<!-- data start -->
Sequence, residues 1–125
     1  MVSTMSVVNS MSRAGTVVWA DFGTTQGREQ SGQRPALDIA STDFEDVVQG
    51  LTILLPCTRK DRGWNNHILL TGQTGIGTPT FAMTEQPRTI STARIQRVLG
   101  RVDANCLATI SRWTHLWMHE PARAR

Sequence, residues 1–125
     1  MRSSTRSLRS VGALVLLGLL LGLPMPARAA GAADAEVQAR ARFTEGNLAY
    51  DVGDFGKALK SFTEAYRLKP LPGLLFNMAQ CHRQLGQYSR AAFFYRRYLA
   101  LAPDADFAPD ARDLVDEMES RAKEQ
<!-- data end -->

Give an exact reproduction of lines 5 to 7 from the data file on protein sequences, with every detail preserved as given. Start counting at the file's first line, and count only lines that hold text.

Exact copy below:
Sequence, residues 1–125
     1  MRSSTRSLRS VGALVLLGLL LGLPMPARAA GAADAEVQAR ARFTEGNLAY
    51  DVGDFGKALK SFTEAYRLKP LPGLLFNMAQ CHRQLGQYSR AAFFYRRYLA